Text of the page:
A second, preferred method of removing material from a formation will now be described in connection with FIG. 4. Although it is preferred to provide the relative dimensions between the casing 18 and drill string 16 as described above, the sample barrel 44 may also be sized smaller relative to the casing 18 than the preferred dimensions. The sample barrel 44 in the second preferred method is preferably smaller than the sample barrel 44 of FIG. 3 so that spoils 52 from the subsurface remain in the casing 18 after removal of the sample barrel 44.
As shown at time interval T1 of FIG. 4, the sample barrel 44 is first sonically driven into the formation to force the soil sample into the hollow interior 50 of the sample barrel 44. The casing 18 is then advanced around the sample barrel 44 as shown at time interval T2. At time interval T3 the sample barrel 44 is removed leaving the spoils 52 behind. A spoils barrel 54 is then attached to the drill string 16 and the spoils 52 are removed as shown at time intervals T4 and T5. The process is then repeated and the sample barrel 44 is lowered into the borehole to retrieve more material as shown at time interval T6. As discussed above in connection with the first preferred method, the order of advancement of the casing 18 and drill string 16 may be in any other order. For example, the casing 18 may be driven before or at the same time as the drive string 16. Although the second preferred method produces spoils 52, the second preferred method still does not require a circulating fluid and, thus, provides an advantage over conventional mud and air rotary casing hammer.
A third preferred method of removing material from a formation will now be described in connection with FIGS. 5 and 6. The third preferred method is substantially the same as the second preferred method except that the spoils 52 are removed using a cable tool clean-out barrel 56 which is operated with the cable tool assembly 12. The cable tool clean-out barrel 56 is a conventional tool and is known to those having skill in the art.
As shown at time interval T1 of FIG. 5, the sample barrel 44 is first sonically driven into the formation. The casing 18 is then driven around the sample barrel 44 as shown at time interval T2 and the sample barrel 44 is removed as shown at time interval T3. The spoils 52 are then removed with the cable tool clean-out barrel 56 as shown at time interval T4. The cable tool assembly 12 provides an efficient method of removing the spoils since it can be lowered to the bottom of the borehole quickly thereby saving time when drilling or sampling at large depths.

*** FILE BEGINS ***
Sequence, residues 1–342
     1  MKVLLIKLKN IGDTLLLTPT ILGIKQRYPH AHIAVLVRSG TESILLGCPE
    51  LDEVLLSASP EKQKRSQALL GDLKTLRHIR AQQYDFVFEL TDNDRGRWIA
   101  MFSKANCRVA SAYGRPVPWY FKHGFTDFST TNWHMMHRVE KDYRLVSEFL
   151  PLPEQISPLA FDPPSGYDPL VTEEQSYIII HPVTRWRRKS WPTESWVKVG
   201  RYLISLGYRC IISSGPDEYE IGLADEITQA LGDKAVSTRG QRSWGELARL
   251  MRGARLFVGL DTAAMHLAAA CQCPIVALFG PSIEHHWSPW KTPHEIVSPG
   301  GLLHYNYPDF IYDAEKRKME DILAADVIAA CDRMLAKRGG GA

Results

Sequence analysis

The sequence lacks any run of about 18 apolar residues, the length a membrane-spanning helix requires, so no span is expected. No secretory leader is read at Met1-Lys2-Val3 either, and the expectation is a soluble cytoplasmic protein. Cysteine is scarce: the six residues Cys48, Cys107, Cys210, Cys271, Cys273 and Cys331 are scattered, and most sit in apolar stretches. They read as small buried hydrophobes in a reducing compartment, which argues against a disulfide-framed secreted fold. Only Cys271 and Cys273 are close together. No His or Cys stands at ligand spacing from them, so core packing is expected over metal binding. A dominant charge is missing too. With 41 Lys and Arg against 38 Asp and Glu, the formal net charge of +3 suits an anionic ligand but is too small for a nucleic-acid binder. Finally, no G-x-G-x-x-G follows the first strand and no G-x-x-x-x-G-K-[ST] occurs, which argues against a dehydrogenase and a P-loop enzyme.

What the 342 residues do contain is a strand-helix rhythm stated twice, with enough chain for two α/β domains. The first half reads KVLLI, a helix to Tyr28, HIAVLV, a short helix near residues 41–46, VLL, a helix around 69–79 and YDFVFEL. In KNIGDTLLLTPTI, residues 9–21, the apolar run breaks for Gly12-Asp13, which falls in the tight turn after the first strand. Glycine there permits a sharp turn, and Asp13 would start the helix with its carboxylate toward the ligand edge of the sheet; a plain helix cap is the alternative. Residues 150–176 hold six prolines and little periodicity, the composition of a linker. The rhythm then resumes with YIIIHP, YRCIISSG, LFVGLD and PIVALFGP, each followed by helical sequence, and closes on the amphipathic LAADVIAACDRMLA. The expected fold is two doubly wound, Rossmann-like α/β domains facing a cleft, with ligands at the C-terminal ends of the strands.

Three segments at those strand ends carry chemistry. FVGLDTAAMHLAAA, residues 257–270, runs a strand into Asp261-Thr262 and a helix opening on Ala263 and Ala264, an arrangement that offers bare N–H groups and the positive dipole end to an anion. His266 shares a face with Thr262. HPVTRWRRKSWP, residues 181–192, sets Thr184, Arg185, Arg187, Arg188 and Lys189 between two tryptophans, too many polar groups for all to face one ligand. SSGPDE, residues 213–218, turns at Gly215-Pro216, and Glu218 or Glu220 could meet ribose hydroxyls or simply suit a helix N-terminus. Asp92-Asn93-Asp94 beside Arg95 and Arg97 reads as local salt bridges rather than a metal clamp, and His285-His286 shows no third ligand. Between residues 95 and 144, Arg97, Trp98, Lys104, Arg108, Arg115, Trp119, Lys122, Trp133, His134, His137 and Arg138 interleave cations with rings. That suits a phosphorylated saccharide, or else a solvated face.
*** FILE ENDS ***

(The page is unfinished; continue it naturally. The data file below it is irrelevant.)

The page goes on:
The drill rig 2 is configured as shown in FIG. 6 for removing the spoils 52 during time interval T4 of FIG. 5. The sonic head 8 and casing hammer 10 are moved to the standby position and the cable 19 of the cable tool assembly 12 is moved over the centerline of the casing 18. The casing hammer 10 is also preferably movably mounted to the carrier 4 so that the throughhole 42 is no longer aligned with the centerline of the casing 18. When the casing hammer is moved to a standby position, the cable 19 does not extend through the throughhole 42 of the casing hammer 10 in a manner similar to the sonic head 8 which is swung out of the way.
A second preferred drill rig 2A is shown in FIG. 7. The second preferred drill rig 2A includes a second sonic head 58 for driving the casing 18. The second sonic head 58 is preferably larger or at least the same size as the sonic head 8 described above in connection with FIG. 2. The casing sonic head 58, like the casing hammer 10 of the drill rig 2, includes a throughhole 60 through which the drill string 16 extends. The sonic head 8 is movably mounted to the carrier 4 as described above in connection with the drill rig 2.
The second preferred drill rig 2A may be operated in accordance with any of the three preferred methods with the only difference being that the casing 18 is driven into the formation with the second sonic head 58 rather than the casing hammer 10 of FIG. 1. An advantage of providing the casing sonic head 58 is that the cuttings and spoils are further minimized since the cuttings produced from driving the casing 18 are reabsorbed by the formation as described above.
Modification and variation can be made to the disclosed embodiments without departing from the subject of the invention as defined by the following claims. For example, the drill rods 35 may have any cross-sectional shape other than circular, the spoils may be removed with any other conventional tool, and the methods described herein may be used to provide boreholes for soil gas and groundwater sampling.
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|U.S. Classification||175/55, 175/171, 175/22|
|International Classification||B09C1/00, E02D7/06, E02D5/08, E02D5/02, E21B33/138, E21B7/20, E02D5/12, E21B7/24, E21B25/00, E02D7/26, E21B7/26|
|Cooperative Classification||E21B7/20, B09C1/00, E02D5/12, E21B25/00, E21B7/24, E21B7/265, E21B7/205, E02D7/26, E02D7/06, E21B33/138, E02D5/08, E02D5/02|
|European Classification||E21B7/20C, E21B7/26B, E02D5/02, E21B7/20, E21B25/00, B09C1/00, E02D7/26, E21B7/24, E02D5/08, E21B33/138|
|Oct 4, 1999||FPAY||Fee payment|
Year of fee payment: 4
|Mar 17, 2004||REMI||Maintenance fee reminder mailed|
|Aug 27, 2004||LAPS||Lapse for failure to pay maintenance fees|
|Oct 26, 2004||FP||Expired due to failure to pay maintenance fee|
Effective date: 20040827